16: 'Tis he who shall dwell in places exalted,
The fortress of rocks his strong castle (shall be),
His bread shall be given, his water be sure.
Let us note here again that the call is to both those afar off (that is, the Gentiles) and those who are near (the Jews in the land), and this double form of address confirms the conviction that the whole prophecy from verse 1 has the same double application to Jew and Gentile. The next verse is further confirmation of this, for whilst the Gentile enemy is distinctly recognized in the Spoiler, typified by Sennacherib, "sinners in Zion" could never refer to any but apostate Jews.

Then comes a question and its answer that recalls Psalm 15, where the same question has the same reply. Who can estimate the importance of heeding what is thus reiterated in the Old Testament and renewed in the New, for the Epistle to the Hebrews reminds Christians that "Our God is a consuming fire." Who can dwell with such a God?

Let us not turn away wearied with reiteration, from a word that is thus surely marked as of the weightiest importance. The reiterated words "among us" (ver. 14) surely suggest a mass of profession among which is the true. How are the few to be discerned? By much intelligence in the Scriptures? No. By much activity in "church-work"? No. By much denouncing of the evil in others? Not at all; but by lowly penitence (Isa. 57:15; 66:1, 2), and being led of the Spirit in paths of love and holiness. Let us not be deceived in this day of much high knowledge and low conduct. It is still true that only those "among us" who are "led by the Spirit of God are the sons of God."

Such shall be well guarded, and even though some of them shall be put to death, yet not a hair of their heads shall perish (Luke 21:16-18). So the apostle Paul was ready to be offered up, yet he too knew that the "Lord would deliver him from every evil work"; strange paradoxes apart from having a life that no tyrant can touch.

Another promise follows:

17: Thine eyes shall behold the King in His beauty,
The land of far distances they surely shall see.
For this last line does not mean, as our Authorized Version intimates, that the land is far away; but when in it, the boundaries shall not be contracted, but as far as their eye can see or foot can carry, shall be theirs: as it was said to their father Abraham, "Lift up now thine eyes, for all the land that thou seest, to thee I will give it" (Gen. 15:14, 15).

We may have no personal part in that land; that is not our country but this promise is of the deepest interest to us, for we too shall see the King. He is ours by more than one indissoluble tie. He has literally loved us, bought us with His blood: we are infinitely precious to Him as the dear purchase of those sufferings: to Him we are united by the Holy Spirit; identified with Him by sharing His very life, we are thus the members of His Body. Ours too is His present position, cast out by this world, whilst all the love of God the Father in which He is enwrapped, enwraps us too in Him. His future too we fully share. And, to come back to our scripture, our own very eyes shall see Him in His beauty, with eyes adapted to that glory, as are these to the inferior beauties of this scene. We shall see Him in His perfect loveliness, and greatly shall we desire Him, a desire that He will be there to fill. This was patterned for us in the holy mount, where, although Peter, James and John might then fear, Moses and Elias did not; and our place shall be that of those heavenly visitants.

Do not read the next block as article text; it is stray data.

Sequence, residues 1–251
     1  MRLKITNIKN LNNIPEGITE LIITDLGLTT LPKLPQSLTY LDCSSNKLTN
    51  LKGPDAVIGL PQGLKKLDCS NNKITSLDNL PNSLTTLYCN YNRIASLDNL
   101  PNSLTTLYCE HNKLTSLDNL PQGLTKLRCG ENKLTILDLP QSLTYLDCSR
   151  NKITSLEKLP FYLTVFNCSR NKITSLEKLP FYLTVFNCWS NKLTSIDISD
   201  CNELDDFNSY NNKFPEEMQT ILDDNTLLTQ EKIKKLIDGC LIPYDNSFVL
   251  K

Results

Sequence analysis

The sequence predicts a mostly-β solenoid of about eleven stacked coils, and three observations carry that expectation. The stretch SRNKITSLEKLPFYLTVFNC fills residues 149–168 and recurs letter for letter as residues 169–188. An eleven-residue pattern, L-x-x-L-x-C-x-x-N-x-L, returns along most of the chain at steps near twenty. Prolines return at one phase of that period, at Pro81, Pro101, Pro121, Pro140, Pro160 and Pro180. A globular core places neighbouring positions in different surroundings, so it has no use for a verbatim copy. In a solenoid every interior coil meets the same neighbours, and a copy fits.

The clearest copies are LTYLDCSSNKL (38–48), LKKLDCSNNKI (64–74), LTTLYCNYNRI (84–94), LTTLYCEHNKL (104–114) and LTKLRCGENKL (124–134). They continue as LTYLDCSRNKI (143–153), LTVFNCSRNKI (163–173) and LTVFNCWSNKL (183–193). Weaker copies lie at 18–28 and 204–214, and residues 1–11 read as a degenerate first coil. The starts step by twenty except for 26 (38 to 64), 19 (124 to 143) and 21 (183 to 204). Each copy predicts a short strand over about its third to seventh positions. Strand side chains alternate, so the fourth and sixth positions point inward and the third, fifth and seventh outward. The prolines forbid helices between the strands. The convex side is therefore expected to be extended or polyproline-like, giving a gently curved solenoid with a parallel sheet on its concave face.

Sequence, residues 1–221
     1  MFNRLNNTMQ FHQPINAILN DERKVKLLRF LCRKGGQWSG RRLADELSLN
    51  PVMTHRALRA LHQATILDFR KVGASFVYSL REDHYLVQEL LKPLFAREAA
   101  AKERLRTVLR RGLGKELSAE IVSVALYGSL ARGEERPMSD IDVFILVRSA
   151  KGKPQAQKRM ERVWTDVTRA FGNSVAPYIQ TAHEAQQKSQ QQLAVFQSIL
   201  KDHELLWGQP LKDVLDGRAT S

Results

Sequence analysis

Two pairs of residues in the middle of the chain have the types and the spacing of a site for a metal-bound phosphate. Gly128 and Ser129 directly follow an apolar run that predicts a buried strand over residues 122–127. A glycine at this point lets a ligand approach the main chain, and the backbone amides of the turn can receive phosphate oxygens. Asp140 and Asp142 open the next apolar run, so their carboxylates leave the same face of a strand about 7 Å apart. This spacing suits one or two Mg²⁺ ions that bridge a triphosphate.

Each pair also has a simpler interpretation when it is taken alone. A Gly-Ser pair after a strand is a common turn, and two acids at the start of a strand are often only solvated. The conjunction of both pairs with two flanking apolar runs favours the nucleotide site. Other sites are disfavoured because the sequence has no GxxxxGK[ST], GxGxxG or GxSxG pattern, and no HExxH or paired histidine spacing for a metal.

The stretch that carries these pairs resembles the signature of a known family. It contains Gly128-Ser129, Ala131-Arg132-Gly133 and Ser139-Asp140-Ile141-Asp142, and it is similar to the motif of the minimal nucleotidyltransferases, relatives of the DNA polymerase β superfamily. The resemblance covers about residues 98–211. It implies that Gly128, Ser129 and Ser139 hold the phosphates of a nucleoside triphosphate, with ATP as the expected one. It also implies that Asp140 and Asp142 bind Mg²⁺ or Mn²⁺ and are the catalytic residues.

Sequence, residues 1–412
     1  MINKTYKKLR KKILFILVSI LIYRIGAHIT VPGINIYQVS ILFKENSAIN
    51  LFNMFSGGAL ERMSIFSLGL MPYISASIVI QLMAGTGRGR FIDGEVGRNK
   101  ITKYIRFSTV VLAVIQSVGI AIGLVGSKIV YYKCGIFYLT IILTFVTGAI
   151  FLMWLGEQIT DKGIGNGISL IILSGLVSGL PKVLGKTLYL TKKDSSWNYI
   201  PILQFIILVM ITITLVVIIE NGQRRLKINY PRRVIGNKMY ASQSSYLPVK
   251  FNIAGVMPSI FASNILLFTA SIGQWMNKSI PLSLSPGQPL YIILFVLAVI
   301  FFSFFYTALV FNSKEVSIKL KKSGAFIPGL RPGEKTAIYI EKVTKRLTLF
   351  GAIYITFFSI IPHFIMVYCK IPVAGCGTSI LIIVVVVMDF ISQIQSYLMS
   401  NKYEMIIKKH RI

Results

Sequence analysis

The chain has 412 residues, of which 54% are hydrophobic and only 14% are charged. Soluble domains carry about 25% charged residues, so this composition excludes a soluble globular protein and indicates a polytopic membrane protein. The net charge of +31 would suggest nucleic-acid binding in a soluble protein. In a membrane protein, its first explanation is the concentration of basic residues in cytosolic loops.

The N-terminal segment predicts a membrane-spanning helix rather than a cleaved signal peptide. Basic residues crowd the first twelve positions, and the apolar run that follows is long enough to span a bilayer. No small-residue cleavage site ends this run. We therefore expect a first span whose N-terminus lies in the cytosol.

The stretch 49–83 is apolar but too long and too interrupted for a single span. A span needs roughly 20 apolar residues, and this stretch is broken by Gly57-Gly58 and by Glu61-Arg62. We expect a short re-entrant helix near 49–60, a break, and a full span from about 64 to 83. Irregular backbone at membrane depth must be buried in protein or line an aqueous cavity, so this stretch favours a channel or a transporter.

He, the King, was then to be the Object of every eye; every ear was to be attentive to His lips; so ever today, do we not get at times (but so rarely, alas, if one may speak for others), foretastes of that time when we shall see with our eyes without a cloud, the beauty of the King, and hear the music of that Voice whose faintest whisper gives us here joy for many days.

In our prophet we have to do with Israel and the earth, and in that day of deliverance this is foretold of the dweller in Zion:

18: Thine heart shall muse on past terror.
Where is the scribe?
Where the collector?
Where the counter of towers?
19: The insolent folk thou shalt never see more—
A folk of strange lip thou canst not interpret;
Of barbarous4 tongue thou canst not understand.
The terror is gone forever, and is now but such a matter of memory as gives sweetness to the present peace. Those happy dwellers in that future Jerusalem muse on the time when they were trembling with fear, and ask, "What has become of the man who took stock of our goods? Where is he who followed him in taking those goods in the way of taxes? And as to the enemy who rode around our city counting its defensive towers before the attack—where has he gone? All have departed never to return."

The Holy Spirit uses this same language in 1 Cor. 1:20, but in quite a different bearing; nor is the quotation precise, for the word "wise" is substituted for "scribe," "scribe" for "collector," and "disputer of this world" for "counter of towers." But as peaceful Salem shall say: "Where are all my foes?" so in view of Christ, our foes, no longer flesh and blood, but our own proud thoughts that exalt themselves against the knowledge of that same Lord Christ, are forever abased and annihilated. But we must ever remember that we still have that same old nature derived from Adam the first, to keep us watchful and dependent, and the very first evidence of its activity is proud self-esteem.